NJ NATIONAL PARK (AP) — Researchers believe the bodies of as many as a dozen German soldiers who fought during the Revolutionary War have been found in a mass grave in New Jersey, officials said Tuesday.
According to scientists, the remains discovered at Fort Mercer and the site of the Battle of Red Bank in 1777 were 245 years old until the discovery of a human femur in June during archaeological excavations of the trench system surrounding the fort. Additional excavations yielded more skeletal remains and items, including pewter and brass buttons and a golden guinea pig of King George III, which was one month’s soldier’s pay. rice field.
A team of Rowan University scientists and Gloucester County officials announced their preliminary findings at a press conference at Red Bank Battlefield Park, just south of Philadelphia.
Officials believe the bodies were part of a Hessian mass grave that was part of some 377 soldiers killed by colonial forces in the Battle of Red Bank. According to historians, the Americans lost 14 people.
The victory allowed the Continental Army at the fort to delay the British movement of supplies to the Delaware River.
“Based on everything we found and the context of what we found, these are likely Hessian,” said Wade Catz, principal archaeologist at South River Heritage Consulting in Delaware, in a statement. is.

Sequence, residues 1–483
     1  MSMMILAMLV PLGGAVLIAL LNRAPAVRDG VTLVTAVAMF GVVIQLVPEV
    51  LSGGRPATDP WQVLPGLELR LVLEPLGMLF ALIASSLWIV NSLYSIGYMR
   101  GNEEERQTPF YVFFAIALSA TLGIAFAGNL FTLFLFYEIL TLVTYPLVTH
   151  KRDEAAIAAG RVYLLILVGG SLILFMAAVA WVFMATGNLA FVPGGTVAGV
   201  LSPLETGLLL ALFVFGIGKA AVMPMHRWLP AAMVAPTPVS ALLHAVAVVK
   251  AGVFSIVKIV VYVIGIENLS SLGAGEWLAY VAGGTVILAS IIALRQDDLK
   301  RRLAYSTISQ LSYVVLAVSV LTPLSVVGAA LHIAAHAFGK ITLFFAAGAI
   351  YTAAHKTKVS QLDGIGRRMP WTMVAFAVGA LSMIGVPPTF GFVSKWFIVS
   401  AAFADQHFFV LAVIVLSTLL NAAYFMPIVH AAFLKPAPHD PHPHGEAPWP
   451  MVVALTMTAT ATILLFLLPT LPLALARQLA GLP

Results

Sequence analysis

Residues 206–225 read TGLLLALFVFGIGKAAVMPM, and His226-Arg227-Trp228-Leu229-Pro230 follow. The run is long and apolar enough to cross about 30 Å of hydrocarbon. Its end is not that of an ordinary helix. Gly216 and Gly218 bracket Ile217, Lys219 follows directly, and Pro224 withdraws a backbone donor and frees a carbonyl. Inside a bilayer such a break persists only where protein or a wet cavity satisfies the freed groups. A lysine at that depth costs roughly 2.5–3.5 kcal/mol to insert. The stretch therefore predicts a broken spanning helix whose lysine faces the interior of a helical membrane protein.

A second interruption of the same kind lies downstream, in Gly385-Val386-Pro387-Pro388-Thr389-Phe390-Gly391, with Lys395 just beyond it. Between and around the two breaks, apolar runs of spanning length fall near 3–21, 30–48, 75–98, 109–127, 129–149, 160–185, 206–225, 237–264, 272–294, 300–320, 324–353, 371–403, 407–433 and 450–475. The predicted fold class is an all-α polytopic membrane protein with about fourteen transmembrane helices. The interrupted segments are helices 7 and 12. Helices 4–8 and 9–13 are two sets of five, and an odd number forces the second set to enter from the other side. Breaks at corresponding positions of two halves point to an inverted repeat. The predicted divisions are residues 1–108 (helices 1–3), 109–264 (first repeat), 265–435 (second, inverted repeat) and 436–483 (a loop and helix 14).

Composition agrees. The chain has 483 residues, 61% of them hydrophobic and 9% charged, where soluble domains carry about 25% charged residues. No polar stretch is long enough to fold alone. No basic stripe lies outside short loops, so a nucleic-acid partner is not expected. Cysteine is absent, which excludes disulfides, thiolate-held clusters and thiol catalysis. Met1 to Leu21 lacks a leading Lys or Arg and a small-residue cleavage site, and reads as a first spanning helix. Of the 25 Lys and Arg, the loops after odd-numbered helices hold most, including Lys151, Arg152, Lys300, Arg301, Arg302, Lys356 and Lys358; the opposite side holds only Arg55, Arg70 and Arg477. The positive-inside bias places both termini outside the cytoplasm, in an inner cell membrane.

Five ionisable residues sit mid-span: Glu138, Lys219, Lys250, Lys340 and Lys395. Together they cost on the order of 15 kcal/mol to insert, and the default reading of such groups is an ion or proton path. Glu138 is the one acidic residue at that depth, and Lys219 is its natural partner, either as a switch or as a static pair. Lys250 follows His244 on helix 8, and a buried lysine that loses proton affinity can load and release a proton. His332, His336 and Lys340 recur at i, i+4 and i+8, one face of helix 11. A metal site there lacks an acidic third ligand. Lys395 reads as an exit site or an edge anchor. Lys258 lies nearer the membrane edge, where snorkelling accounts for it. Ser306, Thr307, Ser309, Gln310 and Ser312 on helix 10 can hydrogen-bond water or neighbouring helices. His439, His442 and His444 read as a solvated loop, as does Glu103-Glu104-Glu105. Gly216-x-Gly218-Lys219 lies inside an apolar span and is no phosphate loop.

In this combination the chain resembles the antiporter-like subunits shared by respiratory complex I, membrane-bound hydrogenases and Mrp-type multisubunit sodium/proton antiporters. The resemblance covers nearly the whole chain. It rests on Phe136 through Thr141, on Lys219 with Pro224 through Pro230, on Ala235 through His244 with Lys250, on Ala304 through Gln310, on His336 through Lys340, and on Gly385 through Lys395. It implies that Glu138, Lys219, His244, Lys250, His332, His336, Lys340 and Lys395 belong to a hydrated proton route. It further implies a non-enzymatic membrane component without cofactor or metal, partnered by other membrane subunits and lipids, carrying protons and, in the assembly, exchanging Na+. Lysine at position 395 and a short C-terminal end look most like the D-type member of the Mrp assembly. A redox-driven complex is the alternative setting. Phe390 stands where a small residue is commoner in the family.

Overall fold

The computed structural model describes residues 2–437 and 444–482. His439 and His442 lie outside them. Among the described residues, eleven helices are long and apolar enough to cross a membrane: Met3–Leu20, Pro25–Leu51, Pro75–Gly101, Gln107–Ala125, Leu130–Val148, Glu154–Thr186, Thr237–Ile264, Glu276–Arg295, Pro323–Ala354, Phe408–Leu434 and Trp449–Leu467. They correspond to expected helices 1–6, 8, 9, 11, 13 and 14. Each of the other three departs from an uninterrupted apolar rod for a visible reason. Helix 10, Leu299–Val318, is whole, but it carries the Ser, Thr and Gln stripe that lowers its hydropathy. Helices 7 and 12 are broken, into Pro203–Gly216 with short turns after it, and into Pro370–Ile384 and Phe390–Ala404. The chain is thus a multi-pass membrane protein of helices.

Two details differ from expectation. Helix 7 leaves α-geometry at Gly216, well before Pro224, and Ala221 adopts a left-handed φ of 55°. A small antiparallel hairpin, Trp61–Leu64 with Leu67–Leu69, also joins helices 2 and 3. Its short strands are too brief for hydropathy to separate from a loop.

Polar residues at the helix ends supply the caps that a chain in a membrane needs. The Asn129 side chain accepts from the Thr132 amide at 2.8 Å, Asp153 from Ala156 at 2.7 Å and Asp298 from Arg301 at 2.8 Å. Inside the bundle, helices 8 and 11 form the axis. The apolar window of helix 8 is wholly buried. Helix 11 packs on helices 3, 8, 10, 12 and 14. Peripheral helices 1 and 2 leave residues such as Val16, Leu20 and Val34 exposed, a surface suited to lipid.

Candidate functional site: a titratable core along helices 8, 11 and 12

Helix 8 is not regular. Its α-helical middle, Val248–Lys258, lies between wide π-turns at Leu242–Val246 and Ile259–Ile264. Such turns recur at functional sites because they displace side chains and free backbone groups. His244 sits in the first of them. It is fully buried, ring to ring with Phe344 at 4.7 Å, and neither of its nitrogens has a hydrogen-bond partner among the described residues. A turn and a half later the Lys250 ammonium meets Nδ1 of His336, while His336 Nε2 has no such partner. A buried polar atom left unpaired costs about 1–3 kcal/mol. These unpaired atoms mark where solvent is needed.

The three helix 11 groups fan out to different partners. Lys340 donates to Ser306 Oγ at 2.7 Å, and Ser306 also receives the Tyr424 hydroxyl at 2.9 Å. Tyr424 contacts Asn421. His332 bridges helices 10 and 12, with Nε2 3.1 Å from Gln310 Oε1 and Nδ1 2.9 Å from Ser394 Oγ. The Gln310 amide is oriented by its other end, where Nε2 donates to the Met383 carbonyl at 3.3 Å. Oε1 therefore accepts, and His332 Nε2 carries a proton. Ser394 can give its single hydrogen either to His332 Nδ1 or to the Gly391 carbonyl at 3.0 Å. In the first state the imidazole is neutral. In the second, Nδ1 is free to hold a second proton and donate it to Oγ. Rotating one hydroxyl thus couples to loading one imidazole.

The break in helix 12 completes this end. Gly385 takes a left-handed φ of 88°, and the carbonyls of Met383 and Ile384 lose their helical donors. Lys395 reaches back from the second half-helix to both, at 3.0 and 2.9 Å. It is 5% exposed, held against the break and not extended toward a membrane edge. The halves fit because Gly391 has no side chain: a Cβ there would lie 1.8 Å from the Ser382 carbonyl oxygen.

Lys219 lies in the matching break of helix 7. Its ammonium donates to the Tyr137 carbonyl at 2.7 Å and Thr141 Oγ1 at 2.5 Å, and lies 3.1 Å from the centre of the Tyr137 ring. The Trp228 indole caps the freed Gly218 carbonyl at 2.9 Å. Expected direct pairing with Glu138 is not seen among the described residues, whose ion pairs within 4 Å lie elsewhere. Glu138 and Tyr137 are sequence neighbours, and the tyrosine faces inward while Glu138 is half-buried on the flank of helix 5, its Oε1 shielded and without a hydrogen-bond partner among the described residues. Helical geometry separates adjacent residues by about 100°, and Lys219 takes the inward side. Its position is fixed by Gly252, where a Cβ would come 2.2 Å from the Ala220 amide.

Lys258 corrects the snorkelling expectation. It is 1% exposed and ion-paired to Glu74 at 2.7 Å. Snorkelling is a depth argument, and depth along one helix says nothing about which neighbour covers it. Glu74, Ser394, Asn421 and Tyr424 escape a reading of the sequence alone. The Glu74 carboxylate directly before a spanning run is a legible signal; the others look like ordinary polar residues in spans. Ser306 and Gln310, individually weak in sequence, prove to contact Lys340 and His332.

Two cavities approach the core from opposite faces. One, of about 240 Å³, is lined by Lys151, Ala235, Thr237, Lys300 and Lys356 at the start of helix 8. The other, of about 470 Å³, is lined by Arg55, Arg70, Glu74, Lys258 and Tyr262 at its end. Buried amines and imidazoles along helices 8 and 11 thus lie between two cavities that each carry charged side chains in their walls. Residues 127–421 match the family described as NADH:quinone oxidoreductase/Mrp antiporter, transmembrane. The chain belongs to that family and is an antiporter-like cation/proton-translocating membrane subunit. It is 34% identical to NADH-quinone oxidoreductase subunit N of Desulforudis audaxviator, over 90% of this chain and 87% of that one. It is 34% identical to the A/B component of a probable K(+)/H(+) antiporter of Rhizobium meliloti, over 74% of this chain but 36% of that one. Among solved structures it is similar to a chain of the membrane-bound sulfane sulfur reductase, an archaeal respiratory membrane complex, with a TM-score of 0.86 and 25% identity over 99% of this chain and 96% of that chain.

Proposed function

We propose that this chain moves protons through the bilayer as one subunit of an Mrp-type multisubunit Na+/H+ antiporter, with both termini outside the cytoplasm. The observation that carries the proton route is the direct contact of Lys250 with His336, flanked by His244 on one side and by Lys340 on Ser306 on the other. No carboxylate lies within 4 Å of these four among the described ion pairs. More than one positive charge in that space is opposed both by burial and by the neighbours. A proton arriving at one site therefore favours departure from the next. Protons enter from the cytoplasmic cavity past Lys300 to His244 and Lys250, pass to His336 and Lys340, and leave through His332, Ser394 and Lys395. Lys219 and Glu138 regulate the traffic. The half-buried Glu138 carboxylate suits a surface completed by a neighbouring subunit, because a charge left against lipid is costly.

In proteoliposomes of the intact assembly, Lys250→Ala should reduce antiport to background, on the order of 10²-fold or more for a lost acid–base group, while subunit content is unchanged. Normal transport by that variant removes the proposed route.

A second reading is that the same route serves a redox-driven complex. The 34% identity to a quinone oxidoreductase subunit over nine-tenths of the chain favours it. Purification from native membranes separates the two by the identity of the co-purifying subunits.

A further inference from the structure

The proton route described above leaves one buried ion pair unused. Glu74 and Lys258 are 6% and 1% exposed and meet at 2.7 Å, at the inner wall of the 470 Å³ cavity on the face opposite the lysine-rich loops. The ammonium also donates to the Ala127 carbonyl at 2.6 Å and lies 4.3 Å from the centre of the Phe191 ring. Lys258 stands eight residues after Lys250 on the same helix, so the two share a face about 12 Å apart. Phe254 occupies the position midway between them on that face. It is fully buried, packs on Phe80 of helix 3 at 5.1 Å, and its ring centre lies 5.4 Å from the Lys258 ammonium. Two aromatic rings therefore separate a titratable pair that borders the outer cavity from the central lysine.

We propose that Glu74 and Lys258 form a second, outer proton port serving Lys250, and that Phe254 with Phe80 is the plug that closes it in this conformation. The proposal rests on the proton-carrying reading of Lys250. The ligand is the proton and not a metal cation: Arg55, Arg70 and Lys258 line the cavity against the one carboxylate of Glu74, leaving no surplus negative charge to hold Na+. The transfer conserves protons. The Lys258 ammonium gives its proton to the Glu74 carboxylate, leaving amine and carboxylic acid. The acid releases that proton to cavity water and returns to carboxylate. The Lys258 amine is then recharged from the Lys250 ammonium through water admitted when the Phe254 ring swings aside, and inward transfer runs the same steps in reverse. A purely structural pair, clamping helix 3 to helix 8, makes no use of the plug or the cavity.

The remains were handed over to a forensic anthropologist from the New Jersey State Police Department of Forensics, who extracted DNA from the bones and teeth to determine their origin. Additional studies are being conducted to examine life history, health and disease.
Scientists hope to identify the remains and find their descendants.
“Eventually, perhaps, we hope to be able to find some of these individuals,” Rowan University public historian Jennifer Janofsky said in a statement. And if you can tell their story, you can name a face… And to me, it’s a very powerful moment in public history.”
Officials said the remains were exhumed with “special care” to protect the dignity of the war dead.
Once research is complete, they are buried elsewhere and the trenches are backfilled. The land is incorporated into the park on a bluff overlooking the river.
“Archaeology is helping us better understand what happened on the battlefield,” Yanofsky said.
Marsh reported from Manasquan, New Jersey.
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